324/366: to snail bait or not to snail bait?

Because I decided to do a little companion planting, of basil, coriander and capsicum, I wanted to protect the little seedlings from snails. While I really try to not use chemicals in the garden, (though I don’t know how long I can last, as all the weeding I do by hand is taking its toll on me), I wasn’t sure where snail bait stood in the grand scheme of trying to be “organic”.

The other consideration, obviously, was potential danger to my darling cats. However, reading the information on the outside of the pack, it appeared that it was safe for pets, and the ingredients would break down to become nutrients for the soil.

It will be interesting to follow the progress of  this coriander seedling, as I have actually grown it from a SEED! In other years if I have attempted growing herbs or vegetables, it has always been from seedlings, so I guess that’s another notch for personal growth!

199/366: min T

My mint bush was looking rather straggly, so today I snipped and trimmed it, hoping to encourage some better growth.

With the spare pieces, I played with them a little, before planting a few as cuttings.

Lastly, I made a lovely cup of mint tea, hence the title of this post: min T.

Aah! Quite refreshing.

166/366: coriander quest conquered – the easy way

Months ago, against the advice of a random customer at Bunnings, I purchased and planted coriander seedlings. See 31/366: coriander quest for details. Cutting a short story shorter: they disappeared.

Now I have taken the easy way out. At the supermarket you can buy a bunch of cut coriander. Better still,  available now is basically a little pot of seedlings, which is the option I chose. Dividing them in half, I put some in the kitchen, which have long since gone, while the other section is thriving out in my herb garden.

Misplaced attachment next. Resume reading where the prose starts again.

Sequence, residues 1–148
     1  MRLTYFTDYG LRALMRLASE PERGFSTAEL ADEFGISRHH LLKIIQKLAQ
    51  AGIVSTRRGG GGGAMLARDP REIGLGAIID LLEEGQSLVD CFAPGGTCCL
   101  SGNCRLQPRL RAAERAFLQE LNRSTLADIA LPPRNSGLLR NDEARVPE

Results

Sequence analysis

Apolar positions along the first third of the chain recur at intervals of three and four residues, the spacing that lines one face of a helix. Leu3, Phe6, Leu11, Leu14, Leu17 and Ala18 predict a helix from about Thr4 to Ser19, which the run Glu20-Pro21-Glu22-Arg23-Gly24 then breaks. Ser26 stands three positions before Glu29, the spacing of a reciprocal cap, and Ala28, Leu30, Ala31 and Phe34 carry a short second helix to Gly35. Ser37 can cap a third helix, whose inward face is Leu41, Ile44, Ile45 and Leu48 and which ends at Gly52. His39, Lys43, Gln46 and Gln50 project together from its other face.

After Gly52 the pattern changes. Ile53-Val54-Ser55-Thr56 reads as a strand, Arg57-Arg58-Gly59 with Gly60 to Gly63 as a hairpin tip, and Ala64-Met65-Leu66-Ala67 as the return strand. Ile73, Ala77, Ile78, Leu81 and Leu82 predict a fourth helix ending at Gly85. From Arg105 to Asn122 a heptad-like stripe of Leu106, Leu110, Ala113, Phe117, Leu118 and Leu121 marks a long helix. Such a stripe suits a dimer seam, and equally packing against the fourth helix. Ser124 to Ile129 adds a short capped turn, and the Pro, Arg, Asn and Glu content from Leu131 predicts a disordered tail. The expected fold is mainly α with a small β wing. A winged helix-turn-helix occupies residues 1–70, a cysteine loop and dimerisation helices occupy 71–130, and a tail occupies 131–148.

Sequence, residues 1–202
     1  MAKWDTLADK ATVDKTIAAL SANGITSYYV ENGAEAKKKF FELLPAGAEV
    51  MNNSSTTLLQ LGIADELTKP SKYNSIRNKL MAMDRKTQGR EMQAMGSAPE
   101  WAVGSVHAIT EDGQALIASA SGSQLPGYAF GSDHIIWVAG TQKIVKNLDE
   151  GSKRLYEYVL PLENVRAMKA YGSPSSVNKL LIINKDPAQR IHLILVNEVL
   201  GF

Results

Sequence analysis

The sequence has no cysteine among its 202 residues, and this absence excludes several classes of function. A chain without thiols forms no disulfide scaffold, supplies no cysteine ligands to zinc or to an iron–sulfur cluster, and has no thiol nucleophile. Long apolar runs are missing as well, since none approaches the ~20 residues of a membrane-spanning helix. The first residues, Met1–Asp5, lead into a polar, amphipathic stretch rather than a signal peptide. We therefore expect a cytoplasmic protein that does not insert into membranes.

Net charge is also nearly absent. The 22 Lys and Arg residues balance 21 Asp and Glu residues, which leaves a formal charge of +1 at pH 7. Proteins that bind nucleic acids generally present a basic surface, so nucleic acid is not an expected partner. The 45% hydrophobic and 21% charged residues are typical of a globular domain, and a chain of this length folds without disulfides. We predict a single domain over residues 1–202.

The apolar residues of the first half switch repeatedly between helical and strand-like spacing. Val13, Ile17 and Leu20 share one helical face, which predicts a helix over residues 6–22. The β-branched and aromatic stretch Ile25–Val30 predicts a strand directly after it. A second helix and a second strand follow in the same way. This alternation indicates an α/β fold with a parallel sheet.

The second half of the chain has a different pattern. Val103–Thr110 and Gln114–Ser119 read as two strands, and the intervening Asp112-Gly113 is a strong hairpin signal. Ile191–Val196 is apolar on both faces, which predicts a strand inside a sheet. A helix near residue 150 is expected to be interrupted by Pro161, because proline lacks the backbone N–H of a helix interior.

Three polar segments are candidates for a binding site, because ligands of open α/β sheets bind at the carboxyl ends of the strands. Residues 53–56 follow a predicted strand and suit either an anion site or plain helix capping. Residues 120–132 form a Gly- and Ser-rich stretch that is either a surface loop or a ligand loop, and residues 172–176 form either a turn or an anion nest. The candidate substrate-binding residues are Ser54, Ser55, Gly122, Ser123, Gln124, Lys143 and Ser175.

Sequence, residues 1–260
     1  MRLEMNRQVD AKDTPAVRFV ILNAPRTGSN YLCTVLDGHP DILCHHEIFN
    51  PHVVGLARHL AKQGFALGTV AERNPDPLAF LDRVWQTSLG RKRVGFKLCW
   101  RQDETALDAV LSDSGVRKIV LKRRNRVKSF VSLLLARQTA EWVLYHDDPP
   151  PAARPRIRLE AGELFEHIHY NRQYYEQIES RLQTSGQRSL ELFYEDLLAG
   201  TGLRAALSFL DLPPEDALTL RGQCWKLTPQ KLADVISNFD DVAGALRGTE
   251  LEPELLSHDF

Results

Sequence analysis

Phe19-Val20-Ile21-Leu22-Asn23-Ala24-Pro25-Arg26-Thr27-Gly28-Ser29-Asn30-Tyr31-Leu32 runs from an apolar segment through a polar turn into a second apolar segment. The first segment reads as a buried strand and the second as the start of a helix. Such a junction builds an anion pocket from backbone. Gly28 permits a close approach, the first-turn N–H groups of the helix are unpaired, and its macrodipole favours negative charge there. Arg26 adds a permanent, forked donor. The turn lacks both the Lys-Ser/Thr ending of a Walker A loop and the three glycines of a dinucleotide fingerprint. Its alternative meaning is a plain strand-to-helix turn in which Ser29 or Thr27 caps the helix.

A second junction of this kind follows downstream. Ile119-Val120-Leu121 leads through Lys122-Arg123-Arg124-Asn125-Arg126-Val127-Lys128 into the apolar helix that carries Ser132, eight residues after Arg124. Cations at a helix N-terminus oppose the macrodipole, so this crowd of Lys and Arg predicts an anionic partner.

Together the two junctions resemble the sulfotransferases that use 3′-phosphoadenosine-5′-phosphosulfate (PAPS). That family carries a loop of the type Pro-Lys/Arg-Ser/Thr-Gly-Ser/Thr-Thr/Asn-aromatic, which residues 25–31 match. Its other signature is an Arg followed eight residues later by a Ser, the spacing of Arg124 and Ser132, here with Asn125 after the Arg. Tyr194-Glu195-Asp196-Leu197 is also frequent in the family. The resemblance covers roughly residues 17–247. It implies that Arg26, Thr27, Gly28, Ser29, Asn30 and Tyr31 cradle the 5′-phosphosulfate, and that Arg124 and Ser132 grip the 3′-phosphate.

In USA coriander is known as cilantro. Imagine on a cold winter’s night a red curry soup with various vegetables and noodles, coconut milk and coriander – delicious.

4/366: hooray for herbs

It’s really nice being able to pop out into the garden to obtain fresh herbs. I have had rosemary growing for some years out the back. You can dry it out and save it, but it flourishes so I tend to use it straight from the bush. Imagine a succulent leg of roast lamb embedded with fresh rosemary sprigs. On those rare occasions when we do have a roast, I mix up some garlic, oil and rosemary to brush onto the potatoes for extra flavour.

Mint is best grown in a pot, to avoid it taking over the whole garden, although I have to admit I have managed to kill a mint plant before today. Make your own pot of herbal tea by steeping it for a few minutes. The longer you leave it, the stronger the taste. Combine it with some lemon for a refreshing change.

Recently I made a mixed pot of herbs in an old round pipe, planting parsley, basil, oregano and chives. As well as being useful, it looks pretty as well. Just like I try to be!